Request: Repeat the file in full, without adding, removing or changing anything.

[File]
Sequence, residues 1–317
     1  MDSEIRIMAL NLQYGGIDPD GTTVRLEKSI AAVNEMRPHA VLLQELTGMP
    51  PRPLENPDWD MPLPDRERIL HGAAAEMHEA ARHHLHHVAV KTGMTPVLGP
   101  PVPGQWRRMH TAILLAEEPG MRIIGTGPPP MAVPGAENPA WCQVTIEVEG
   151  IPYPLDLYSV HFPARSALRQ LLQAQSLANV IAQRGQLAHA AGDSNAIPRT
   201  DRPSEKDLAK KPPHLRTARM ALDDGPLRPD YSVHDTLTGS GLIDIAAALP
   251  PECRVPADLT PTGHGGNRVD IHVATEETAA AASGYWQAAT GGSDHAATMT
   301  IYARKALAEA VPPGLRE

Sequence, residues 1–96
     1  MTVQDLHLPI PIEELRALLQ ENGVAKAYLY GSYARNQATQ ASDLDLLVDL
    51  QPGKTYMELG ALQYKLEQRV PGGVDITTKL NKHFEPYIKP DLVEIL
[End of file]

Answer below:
Sequence, residues 1–317
     1  MDSEIRIMAL NLQYGGIDPD GTTVRLEKSI AAVNEMRPHA VLLQELTGMP
    51  PRPLENPDWD MPLPDRERIL HGAAAEMHEA ARHHLHHVAV KTGMTPVLGP
   101  PVPGQWRRMH TAILLAEEPG MRIIGTGPPP MAVPGAENPA WCQVTIEVEG
   151  IPYPLDLYSV HFPARSALRQ LLQAQSLANV IAQRGQLAHA AGDSNAIPRT
   201  DRPSEKDLAK KPPHLRTARM ALDDGPLRPD YSVHDTLTGS GLIDIAAALP
   251  PECRVPADLT PTGHGGNRVD IHVATEETAA AASGYWQAAT GGSDHAATMT
   301  IYARKALAEA VPPGLRE

Sequence, residues 1–96
     1  MTVQDLHLPI PIEELRALLQ ENGVAKAYLY GSYARNQATQ ASDLDLLVDL
    51  QPGKTYMELG ALQYKLEQRV PGGVDITTKL NKHFEPYIKP DLVEIL